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PlantFiles: Virginia Pepperweed,Peppergrass, Pepper Grass, Poor Man's Pepper
Lepidium virginicum

Family: Brassicaceae (brass-ih-KAY-see-ee) (Info)
Genus: Lepidium (lep-PID-ee-um) (Info)
Species: virginicum (vir-JIN-ih-kum) (Info)

5 members have or want this plant for trade.


6-12 in. (15-30 cm)

6-9 in. (15-22 cm)
9-12 in. (22-30 cm)

USDA Zone 4b: to -31.6 C (-25 F)

Sun Exposure:
Full Sun


Bloom Color:
White/Near White

Bloom Time:
Mid Spring
Late Spring/Early Summer

Unknown - Tell us

Other details:
May be a noxious weed or invasive
This plant is attractive to bees, butterflies and/or birds

Soil pH requirements:
Unknown - Tell us

Patent Information:

Propagation Methods:
From seed; direct sow outdoors in fall
From seed; winter sow in vented containers, coldframe or unheated greenhouse

Seed Collecting:
Allow seedheads to dry on plants; remove and collect seeds

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By Floridian
Thumbnail #1 of Lepidium virginicum by Floridian

By poppysue
Thumbnail #2 of Lepidium virginicum by poppysue

By melody
Thumbnail #3 of Lepidium virginicum by melody

By vossner
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By melody
Thumbnail #5 of Lepidium virginicum by melody


2 positives
1 neutral
1 negative

Gardeners' Notes:

Negative vossner On Mar 29, 2012, vossner from Richmond, TX (Zone 9a) wrote:

As many have stated, it is a weed. The entire plant is generally between 5-20" tall. Plant is edible. This plant's most identifiable characteristic is its raceme, which comes from the plant's highly branched stem. The racemes give Virginia pepperweed the appearance of a bottlebrush. On the racemes are first small white flowers, and later greenish fruits. I noticed it growing in some compost we purchased and immediately yanked it as it is difficult to eradicate once established.

Positive raisedbedbob On Feb 7, 2006, raisedbedbob from Walkerton, VA (Zone 7a) wrote:

The leaves are a source of vitamines A and C, and iron.

Positive o0tea0o On Aug 8, 2004, o0tea0o from Calgary
Canada wrote:

This plant is very common along the Rocky Mountains, in un-disturbed areas such as road-sides, and gentle slopes. I've always called this plant 'pennycress'. Mature plants can have white blossoms on the tips, and can grow to about 1m(or roughly 3') in height. I've known the plant to be high in vitamins(especially vitamin C), and sulphur, which gives it a garlic-mustard taste. I've tried young tender leaves in sandwiches, hors d'oeuvres and salads. It can also be dried and ground into a spice, almost like pepper. Pennycress has more of a 'pepper' taste in plants that are more mature. I've also heard 'stinkweed' is a common name for pennycress. It's a great plant.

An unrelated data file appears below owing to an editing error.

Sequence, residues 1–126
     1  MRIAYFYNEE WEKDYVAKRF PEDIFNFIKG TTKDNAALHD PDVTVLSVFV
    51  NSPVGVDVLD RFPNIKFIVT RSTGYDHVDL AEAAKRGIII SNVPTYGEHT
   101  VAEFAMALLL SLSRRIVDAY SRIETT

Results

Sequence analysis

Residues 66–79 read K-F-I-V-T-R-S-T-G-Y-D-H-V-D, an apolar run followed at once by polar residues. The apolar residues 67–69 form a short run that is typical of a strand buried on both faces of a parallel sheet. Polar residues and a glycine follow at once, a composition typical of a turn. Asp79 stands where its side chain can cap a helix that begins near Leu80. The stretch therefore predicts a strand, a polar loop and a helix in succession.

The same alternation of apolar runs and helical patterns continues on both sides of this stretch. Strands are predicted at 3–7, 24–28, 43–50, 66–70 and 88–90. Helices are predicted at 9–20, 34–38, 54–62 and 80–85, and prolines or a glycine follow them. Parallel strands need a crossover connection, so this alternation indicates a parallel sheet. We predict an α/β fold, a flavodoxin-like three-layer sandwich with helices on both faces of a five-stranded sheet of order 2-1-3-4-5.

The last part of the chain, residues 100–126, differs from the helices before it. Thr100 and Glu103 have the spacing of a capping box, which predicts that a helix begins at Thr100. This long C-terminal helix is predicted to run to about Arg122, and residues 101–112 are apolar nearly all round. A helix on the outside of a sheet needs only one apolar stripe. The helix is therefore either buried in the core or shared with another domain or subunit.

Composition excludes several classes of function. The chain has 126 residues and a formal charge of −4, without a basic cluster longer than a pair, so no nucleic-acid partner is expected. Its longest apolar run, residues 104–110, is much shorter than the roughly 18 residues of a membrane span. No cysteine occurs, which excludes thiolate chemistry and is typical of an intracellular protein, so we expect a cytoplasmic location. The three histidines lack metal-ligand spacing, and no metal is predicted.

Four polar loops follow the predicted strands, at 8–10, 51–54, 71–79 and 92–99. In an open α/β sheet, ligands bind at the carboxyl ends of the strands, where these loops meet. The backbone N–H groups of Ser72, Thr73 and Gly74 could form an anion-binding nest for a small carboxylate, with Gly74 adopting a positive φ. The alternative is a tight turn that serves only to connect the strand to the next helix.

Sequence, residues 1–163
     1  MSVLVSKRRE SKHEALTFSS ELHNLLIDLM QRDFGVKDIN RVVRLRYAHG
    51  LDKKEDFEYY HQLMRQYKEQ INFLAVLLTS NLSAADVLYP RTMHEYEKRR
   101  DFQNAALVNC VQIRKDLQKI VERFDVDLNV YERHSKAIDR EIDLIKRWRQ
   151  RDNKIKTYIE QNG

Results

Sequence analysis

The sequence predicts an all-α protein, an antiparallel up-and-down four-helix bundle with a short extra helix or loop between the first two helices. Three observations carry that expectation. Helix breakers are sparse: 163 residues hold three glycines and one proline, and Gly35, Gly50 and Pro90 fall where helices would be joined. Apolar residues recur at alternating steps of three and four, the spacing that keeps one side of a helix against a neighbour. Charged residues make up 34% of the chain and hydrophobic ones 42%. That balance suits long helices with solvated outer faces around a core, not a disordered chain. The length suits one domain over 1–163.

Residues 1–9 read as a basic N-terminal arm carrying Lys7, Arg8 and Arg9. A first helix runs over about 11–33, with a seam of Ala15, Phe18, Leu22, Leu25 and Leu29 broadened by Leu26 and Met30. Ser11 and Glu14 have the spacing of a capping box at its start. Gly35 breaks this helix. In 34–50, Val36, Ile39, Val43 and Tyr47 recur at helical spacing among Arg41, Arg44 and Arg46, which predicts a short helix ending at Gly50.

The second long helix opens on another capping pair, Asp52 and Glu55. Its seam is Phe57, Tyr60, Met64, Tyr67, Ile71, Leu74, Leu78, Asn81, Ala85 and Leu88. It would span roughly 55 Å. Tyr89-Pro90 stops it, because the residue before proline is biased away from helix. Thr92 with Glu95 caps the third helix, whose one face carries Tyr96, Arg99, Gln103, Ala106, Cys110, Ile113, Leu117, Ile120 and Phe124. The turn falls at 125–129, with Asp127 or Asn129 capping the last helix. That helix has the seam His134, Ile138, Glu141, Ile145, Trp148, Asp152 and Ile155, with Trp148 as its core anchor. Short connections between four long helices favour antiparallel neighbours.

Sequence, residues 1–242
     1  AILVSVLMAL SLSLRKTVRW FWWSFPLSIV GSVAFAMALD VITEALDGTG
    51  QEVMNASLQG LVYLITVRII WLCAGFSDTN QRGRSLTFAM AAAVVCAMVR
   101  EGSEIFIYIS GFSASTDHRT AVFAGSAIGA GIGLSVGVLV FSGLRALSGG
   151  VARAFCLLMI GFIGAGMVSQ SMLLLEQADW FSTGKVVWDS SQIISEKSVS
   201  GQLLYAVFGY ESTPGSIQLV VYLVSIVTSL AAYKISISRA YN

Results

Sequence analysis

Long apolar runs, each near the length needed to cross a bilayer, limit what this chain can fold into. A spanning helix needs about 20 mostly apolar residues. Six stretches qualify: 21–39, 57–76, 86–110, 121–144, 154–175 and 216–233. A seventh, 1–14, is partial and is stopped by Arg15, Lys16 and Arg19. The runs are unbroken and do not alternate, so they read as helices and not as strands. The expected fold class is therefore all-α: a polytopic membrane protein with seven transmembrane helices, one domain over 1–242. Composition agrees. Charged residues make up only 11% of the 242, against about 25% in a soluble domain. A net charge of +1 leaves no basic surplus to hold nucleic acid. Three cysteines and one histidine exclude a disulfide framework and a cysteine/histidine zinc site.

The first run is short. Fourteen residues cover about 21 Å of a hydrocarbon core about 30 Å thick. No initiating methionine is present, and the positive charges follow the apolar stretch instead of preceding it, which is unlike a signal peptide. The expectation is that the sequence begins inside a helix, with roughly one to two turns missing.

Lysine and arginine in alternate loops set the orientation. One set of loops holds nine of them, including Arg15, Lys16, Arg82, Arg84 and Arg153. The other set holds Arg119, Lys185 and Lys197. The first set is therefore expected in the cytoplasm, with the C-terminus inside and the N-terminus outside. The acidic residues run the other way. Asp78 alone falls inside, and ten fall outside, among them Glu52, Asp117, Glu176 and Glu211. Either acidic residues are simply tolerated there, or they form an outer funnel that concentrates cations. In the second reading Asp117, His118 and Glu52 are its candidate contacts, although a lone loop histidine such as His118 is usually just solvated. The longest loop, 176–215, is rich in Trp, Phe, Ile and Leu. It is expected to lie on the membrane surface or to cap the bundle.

Neutral melody On Jun 13, 2004, melody from Benton, KY (Zone 7a) wrote:

A common roadside weed that grows in vacant lots and fields.

A genus of about 130 species of the mustard family, Cruciferae.

Most of the weedy species have been introduced from Europe and are usually annuals...although there are a few biennial and perrinial ones also.

The common link is that the leaves and seed capsules have a biting peppery taste and is one of the reasons for the common name 'Poor Man's Pepper'

Usually an undesireable weed, but I have found that the dried seed stems make a great addition to dried arrangements and wreaths.They are sturdy and last for a long time.


This plant has been said to grow in the following regions:

Bigelow, Arkansas
North Fork, California
Bartow, Florida
Fort Lauderdale, Florida
Fort Walton Beach, Florida
Lakeland, Florida
Lutz, Florida
Seminole, Florida
Tampa, Florida
Benton, Kentucky
Valley Lee, Maryland
Bridgewater, Massachusetts
Henderson, Tennessee
San Antonio, Texas
Martinsville, Virginia

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